in ascending order of size value, iteratively merge each of the plurality of data files into an “other” file until a threshold is reached; and
    cause a display of the plurality of data files as a plurality of boxes on a treemap, wherein the size of each box correlates to the size value of a corresponding data file, and the “other” file is presented as an “other” box.
  7. 7. The system of claim 6, the processor to downscale the range of size values.
  8. 8. The system of claim 7, the processor to take the square root of each size value.
  9. 9. The system of claim 6, wherein the threshold is the size value of the “other” file.
  10. 10. The system of claim 6, wherein the threshold is the size value of the smallest data file in the plurality of data files, excluding the “other” file.
  11. 11. A tangible, non-transitory computer-readable medium, comprising instructions configured to direct a processor to:
    access a plurality of data files in storage;
    assign a size value to each of the plurality of data files, wherein each size value is determined based on a characteristic of a corresponding data file;
    in ascending order of size value, iteratively merge each of the plurality of data files into an “other” file until a threshold is reached; and
    display the plurality of data files as a plurality of boxes on a treemap on a display screen, wherein the size of each box correlates to the size value of a corresponding data file, and the “other” file is presented as an “other” box.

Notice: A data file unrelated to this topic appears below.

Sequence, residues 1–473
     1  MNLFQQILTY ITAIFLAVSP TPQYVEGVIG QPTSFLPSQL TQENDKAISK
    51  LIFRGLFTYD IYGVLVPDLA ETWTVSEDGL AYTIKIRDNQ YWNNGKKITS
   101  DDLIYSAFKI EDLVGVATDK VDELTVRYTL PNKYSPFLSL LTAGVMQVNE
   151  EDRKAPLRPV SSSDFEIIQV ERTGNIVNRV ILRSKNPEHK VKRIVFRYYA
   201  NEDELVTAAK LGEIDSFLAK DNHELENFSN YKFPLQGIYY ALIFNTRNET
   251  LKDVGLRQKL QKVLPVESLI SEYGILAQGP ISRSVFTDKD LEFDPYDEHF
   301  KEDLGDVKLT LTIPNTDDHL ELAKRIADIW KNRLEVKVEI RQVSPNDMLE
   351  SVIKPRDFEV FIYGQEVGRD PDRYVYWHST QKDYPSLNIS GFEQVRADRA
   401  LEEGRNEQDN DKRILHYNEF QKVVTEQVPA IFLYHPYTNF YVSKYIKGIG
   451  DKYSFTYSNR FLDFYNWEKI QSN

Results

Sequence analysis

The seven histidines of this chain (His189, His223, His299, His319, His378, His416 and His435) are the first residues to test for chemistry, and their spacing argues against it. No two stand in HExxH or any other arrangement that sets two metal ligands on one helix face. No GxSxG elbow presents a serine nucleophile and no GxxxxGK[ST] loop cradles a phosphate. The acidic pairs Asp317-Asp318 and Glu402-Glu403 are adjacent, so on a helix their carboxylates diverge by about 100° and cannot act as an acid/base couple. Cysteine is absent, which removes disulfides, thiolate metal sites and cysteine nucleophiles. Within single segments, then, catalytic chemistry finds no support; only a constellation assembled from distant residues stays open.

12. 12. The tangible, non-transitory computer-readable medium of claim 11, comprising instructions to direct a processor to downscale the range of size values.
  13. 13. The tangible, non-transitory computer-readable medium of claim 12, comprising instructions to direct a processor to take the square root of each size value.
  14. 14. The tangible, non-transitory computer-readable medium of claim 11, wherein the threshold is the size value of the “other” file.
  15. 15. The tangible, non-transitory computer-readable medium of claim 11, wherein the threshold is the size value of the smallest data file in the plurality of data files, excluding the “other” file.
US15033183 2013-10-31 2013-10-31 Treemap optimization Pending US20160253291A1 (en)